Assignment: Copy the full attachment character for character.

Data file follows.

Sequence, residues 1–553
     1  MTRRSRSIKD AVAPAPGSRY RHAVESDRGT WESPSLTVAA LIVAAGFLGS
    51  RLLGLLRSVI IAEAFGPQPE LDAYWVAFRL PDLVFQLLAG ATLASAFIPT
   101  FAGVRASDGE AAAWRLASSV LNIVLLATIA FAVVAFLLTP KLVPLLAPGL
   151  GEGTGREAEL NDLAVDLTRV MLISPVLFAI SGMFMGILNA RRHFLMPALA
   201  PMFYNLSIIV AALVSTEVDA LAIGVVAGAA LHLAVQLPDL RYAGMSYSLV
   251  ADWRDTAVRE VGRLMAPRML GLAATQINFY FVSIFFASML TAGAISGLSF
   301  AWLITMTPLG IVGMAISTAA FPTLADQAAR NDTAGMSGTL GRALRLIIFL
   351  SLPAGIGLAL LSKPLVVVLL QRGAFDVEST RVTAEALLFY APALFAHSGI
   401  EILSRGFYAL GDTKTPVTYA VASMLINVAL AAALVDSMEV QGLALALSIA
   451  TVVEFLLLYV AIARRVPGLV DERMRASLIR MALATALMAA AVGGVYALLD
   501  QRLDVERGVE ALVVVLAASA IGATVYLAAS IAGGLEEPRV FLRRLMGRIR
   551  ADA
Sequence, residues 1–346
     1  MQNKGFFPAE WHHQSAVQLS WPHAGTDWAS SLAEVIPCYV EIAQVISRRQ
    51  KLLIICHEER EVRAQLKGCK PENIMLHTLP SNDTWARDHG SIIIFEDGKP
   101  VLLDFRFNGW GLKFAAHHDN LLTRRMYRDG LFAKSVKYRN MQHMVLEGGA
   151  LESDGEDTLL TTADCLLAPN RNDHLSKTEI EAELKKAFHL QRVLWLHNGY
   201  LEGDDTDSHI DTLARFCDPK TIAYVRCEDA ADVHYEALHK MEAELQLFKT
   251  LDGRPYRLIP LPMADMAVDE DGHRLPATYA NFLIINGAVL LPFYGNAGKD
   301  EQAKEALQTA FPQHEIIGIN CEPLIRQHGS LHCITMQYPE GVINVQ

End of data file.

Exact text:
Sequence, residues 1–553
     1  MTRRSRSIKD AVAPAPGSRY RHAVESDRGT WESPSLTVAA LIVAAGFLGS
    51  RLLGLLRSVI IAEAFGPQPE LDAYWVAFRL PDLVFQLLAG ATLASAFIPT
   101  FAGVRASDGE AAAWRLASSV LNIVLLATIA FAVVAFLLTP KLVPLLAPGL
   151  GEGTGREAEL NDLAVDLTRV MLISPVLFAI SGMFMGILNA RRHFLMPALA
   201  PMFYNLSIIV AALVSTEVDA LAIGVVAGAA LHLAVQLPDL RYAGMSYSLV
   251  ADWRDTAVRE VGRLMAPRML GLAATQINFY FVSIFFASML TAGAISGLSF
   301  AWLITMTPLG IVGMAISTAA FPTLADQAAR NDTAGMSGTL GRALRLIIFL
   351  SLPAGIGLAL LSKPLVVVLL QRGAFDVEST RVTAEALLFY APALFAHSGI
   401  EILSRGFYAL GDTKTPVTYA VASMLINVAL AAALVDSMEV QGLALALSIA
   451  TVVEFLLLYV AIARRVPGLV DERMRASLIR MALATALMAA AVGGVYALLD
   501  QRLDVERGVE ALVVVLAASA IGATVYLAAS IAGGLEEPRV FLRRLMGRIR
   551  ADA
Sequence, residues 1–346
     1  MQNKGFFPAE WHHQSAVQLS WPHAGTDWAS SLAEVIPCYV EIAQVISRRQ
    51  KLLIICHEER EVRAQLKGCK PENIMLHTLP SNDTWARDHG SIIIFEDGKP
   101  VLLDFRFNGW GLKFAAHHDN LLTRRMYRDG LFAKSVKYRN MQHMVLEGGA
   151  LESDGEDTLL TTADCLLAPN RNDHLSKTEI EAELKKAFHL QRVLWLHNGY
   201  LEGDDTDSHI DTLARFCDPK TIAYVRCEDA ADVHYEALHK MEAELQLFKT
   251  LDGRPYRLIP LPMADMAVDE DGHRLPATYA NFLIINGAVL LPFYGNAGKD
   301  EQAKEALQTA FPQHEIIGIN CEPLIRQHGS LHCITMQYPE GVINVQ